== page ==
The long-term success of financial service providers lies in consumers understanding of the financial products they offer, says Finance Deputy Minister Mondli Gungubele.
Mondli Gungubele, deputy finance minister
“Their long-term success lies in the clarity of the clients they are serving. There are always costs in dealing with a client who lacks clarity,” he says.
Gungubele was addressing the launch of the Money Smart Week initiative at the Financial Sector Conduct Authority (FSCA) premises in Pretoria.
Championed by National Treasury, with the minister of finance (Nhlanhla Nene) as its patron, the Money Smart Week South Africa (MSWSA) initiative is a public awareness campaign aimed at bringing financial education and literacy to people at grass roots level. This will be done through bringing informed financial advice from qualified professionals to the people.
The objective of the MSWSA, which will run from 8-12 October, is to enable South Africans to take control of their finances and safe guard their future.
Gungubele says it is important to promote clarity between clients and service providers so that consumers do not end up taking decisions in the dark.
Boosting the economy
Gungubele says South Africans need clarity on the financial sector because bigger numbers of people are going to participate in the economy through entrepreneurship. Understanding the financial sector will help business thrive and boost the economy.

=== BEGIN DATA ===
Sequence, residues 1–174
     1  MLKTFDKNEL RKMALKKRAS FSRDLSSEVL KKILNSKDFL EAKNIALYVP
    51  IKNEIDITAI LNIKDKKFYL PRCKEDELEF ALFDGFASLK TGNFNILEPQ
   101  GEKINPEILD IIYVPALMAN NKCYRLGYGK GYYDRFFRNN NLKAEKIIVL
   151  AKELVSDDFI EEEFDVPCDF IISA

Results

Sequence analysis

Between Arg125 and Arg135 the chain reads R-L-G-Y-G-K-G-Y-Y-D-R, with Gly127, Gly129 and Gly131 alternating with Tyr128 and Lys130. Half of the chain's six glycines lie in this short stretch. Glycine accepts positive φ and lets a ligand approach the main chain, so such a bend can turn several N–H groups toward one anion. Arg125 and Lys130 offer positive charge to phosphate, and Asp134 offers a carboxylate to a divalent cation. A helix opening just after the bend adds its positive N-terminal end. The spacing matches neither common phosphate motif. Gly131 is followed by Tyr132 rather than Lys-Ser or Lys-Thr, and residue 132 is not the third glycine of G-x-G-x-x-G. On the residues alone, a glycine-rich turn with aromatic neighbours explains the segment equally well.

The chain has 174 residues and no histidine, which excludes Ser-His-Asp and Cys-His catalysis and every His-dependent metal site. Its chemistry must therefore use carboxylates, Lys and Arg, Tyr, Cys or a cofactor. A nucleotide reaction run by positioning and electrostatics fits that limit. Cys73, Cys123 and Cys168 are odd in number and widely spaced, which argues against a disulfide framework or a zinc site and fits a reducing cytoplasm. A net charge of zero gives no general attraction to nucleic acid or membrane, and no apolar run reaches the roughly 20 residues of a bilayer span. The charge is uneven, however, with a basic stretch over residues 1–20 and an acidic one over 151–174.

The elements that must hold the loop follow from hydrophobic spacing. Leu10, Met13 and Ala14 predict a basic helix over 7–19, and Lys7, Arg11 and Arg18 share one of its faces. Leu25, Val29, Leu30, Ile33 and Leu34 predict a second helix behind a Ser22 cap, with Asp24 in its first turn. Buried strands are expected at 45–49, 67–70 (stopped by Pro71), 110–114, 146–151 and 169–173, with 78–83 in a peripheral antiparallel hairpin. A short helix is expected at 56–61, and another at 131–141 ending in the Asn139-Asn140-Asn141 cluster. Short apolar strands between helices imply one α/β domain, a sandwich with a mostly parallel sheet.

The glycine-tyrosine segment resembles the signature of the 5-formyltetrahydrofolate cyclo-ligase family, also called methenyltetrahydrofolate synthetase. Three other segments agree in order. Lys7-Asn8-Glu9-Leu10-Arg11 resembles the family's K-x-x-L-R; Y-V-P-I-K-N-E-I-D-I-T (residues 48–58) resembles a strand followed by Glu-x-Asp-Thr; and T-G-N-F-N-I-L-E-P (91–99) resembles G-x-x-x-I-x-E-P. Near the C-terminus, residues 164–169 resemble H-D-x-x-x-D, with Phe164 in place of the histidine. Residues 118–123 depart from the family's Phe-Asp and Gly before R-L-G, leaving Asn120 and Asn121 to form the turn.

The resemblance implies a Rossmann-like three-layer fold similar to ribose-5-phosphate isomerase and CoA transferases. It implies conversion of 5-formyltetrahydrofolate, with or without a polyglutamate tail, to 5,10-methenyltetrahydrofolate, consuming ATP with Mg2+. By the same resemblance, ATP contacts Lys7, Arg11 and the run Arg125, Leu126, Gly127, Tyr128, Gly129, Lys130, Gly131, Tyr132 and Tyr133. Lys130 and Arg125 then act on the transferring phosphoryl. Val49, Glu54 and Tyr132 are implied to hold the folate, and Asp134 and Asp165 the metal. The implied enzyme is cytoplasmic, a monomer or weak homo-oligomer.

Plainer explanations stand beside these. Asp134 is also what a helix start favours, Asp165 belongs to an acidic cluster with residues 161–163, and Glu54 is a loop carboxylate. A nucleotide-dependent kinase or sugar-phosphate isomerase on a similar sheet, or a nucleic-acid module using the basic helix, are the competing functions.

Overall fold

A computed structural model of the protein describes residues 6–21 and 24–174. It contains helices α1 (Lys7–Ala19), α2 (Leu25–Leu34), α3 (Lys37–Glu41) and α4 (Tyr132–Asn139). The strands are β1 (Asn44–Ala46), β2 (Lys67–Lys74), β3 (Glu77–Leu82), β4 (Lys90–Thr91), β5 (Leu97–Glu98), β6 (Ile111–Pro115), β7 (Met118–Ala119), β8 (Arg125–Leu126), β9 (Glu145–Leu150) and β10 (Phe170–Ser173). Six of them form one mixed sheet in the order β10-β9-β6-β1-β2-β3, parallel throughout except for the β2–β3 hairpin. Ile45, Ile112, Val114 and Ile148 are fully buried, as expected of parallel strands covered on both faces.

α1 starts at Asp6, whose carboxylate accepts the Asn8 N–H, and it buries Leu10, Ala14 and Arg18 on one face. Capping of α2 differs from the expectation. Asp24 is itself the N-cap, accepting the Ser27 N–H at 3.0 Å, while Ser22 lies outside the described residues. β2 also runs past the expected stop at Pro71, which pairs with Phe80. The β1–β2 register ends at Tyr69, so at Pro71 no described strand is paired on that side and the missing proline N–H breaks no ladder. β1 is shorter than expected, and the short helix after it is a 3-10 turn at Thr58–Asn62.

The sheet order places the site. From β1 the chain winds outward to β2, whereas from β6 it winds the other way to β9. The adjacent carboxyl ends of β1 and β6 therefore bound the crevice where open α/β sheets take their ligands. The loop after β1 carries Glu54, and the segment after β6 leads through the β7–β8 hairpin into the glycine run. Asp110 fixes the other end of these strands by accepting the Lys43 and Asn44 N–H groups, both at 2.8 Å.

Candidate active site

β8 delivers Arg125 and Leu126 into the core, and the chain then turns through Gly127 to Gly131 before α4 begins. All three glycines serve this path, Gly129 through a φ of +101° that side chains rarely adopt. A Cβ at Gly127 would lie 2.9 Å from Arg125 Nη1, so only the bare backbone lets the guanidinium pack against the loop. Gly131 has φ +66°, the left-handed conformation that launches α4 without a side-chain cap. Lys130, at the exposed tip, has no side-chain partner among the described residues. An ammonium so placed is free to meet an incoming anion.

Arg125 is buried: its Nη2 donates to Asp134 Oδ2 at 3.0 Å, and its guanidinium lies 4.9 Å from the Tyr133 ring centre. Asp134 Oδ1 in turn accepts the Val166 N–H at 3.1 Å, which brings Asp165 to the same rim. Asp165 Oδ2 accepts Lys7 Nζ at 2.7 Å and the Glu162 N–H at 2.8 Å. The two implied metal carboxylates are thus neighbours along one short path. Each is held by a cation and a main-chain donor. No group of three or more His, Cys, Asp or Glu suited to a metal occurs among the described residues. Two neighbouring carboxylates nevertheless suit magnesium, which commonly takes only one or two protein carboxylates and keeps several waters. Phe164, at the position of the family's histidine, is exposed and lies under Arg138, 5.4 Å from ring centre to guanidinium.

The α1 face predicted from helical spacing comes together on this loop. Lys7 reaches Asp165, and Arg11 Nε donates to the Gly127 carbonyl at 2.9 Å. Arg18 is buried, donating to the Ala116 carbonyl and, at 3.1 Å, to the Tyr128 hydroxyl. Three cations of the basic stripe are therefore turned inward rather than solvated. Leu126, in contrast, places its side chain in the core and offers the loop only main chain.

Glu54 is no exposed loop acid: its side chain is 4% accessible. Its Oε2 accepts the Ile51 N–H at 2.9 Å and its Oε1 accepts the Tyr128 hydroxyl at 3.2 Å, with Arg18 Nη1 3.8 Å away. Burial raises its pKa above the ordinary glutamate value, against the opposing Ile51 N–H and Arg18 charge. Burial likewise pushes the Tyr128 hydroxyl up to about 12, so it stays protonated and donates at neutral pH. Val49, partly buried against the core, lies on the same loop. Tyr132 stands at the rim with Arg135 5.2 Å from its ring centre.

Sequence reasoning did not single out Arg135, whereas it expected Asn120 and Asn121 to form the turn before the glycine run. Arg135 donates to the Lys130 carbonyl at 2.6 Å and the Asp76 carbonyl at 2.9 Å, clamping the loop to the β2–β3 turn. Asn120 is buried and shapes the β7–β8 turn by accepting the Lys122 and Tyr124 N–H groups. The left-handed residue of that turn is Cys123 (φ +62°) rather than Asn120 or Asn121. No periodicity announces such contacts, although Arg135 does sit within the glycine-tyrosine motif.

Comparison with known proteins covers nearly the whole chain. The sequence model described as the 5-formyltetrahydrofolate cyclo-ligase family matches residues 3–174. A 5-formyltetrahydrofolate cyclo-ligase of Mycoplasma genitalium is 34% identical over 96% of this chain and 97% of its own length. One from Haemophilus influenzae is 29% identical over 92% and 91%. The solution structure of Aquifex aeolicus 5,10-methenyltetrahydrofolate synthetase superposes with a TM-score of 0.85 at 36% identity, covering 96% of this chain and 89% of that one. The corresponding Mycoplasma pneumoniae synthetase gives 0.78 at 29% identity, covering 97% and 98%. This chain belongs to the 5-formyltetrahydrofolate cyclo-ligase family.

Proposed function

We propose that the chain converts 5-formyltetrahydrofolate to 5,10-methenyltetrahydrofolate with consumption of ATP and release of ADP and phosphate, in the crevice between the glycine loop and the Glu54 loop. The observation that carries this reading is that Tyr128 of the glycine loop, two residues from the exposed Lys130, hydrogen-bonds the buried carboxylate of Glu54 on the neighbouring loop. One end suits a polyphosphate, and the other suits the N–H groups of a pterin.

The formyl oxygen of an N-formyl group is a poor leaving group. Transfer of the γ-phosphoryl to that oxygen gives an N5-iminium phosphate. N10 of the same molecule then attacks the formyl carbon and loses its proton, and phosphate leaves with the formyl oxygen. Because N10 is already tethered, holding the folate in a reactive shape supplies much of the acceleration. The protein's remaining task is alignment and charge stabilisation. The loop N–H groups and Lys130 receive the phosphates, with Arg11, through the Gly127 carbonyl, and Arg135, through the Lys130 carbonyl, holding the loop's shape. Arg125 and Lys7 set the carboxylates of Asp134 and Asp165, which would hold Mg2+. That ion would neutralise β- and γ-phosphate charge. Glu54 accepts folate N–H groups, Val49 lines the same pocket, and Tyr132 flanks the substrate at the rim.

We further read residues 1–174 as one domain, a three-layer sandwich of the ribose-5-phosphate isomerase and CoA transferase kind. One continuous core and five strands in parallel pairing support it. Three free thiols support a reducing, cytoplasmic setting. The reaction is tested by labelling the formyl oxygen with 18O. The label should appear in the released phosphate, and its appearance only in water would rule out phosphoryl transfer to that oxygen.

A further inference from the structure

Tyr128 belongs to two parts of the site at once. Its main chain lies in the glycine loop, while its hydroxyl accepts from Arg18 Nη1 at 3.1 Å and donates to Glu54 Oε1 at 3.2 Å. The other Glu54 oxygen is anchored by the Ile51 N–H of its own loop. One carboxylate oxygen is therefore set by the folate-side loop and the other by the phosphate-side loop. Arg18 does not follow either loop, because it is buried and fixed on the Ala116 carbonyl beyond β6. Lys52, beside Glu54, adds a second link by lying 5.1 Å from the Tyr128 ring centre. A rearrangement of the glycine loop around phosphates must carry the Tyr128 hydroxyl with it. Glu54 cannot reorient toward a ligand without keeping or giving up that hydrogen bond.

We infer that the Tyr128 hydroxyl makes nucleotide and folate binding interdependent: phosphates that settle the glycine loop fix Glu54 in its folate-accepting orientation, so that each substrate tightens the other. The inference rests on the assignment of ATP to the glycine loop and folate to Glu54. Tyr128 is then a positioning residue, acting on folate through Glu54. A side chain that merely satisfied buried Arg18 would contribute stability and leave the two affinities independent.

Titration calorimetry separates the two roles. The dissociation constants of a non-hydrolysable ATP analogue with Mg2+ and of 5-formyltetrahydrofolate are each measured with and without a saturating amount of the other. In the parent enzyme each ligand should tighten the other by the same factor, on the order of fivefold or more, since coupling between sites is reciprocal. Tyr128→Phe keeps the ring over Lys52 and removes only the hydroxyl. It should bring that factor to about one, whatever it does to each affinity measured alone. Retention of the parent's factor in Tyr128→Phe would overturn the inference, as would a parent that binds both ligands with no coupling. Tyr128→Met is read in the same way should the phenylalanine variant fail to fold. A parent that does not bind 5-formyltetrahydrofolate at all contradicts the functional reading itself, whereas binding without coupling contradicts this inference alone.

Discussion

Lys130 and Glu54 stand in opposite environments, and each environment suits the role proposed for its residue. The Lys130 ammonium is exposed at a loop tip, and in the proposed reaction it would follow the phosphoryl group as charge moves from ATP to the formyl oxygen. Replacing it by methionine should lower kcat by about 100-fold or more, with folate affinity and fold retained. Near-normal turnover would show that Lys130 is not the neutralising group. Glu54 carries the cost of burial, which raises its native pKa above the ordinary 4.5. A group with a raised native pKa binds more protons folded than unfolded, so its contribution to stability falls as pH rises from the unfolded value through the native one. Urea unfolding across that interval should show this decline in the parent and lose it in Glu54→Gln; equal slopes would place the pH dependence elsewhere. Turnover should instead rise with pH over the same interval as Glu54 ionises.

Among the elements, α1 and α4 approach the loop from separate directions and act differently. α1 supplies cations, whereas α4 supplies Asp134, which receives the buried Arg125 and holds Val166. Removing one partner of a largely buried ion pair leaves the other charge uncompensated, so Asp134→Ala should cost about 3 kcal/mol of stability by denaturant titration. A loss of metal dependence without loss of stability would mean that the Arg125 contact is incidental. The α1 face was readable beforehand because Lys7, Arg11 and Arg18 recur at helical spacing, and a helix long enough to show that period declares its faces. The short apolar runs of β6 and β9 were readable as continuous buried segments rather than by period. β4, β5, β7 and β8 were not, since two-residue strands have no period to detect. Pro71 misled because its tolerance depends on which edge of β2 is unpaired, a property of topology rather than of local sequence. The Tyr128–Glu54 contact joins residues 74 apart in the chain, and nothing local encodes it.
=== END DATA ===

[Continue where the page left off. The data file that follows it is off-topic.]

“It will boost our economy and increase participation in our economy, and businesses will thrive… Once our people are clear about [finances and the relationships that protect it], they [have the] boldness and confidence to invest because they believe the possibility of returns. That can only come from clarity,” says the deputy minister.
The initiative follows the February 2018 Budget Review that placed emphasis on building a financial services sector that serves all South Africans. At the time, the document stated that the MSWSA initiative will be piloted to help South Africans to make sound financial decisions.
Also speaking at the launch, the FSCA’s consumer education head of department, Lyndwill Clarke, says the idea for starting the initiative began over a year ago, as statistics had shown that consumers are battling to save.
“The ability to save has taken a dip,” he said.
It is envisaged that the initiative will become a national event taking place on an annual basis.
Launched in April by Nene, the FSCA replaced the Financial Services Board and will supervise how financial institutions conduct their business and treat customers.
The launch of the supervisory body follows South Africa’s new Twin Peaks system of financial regulation, bringing to fruition a regulatory reform announced in 2011.
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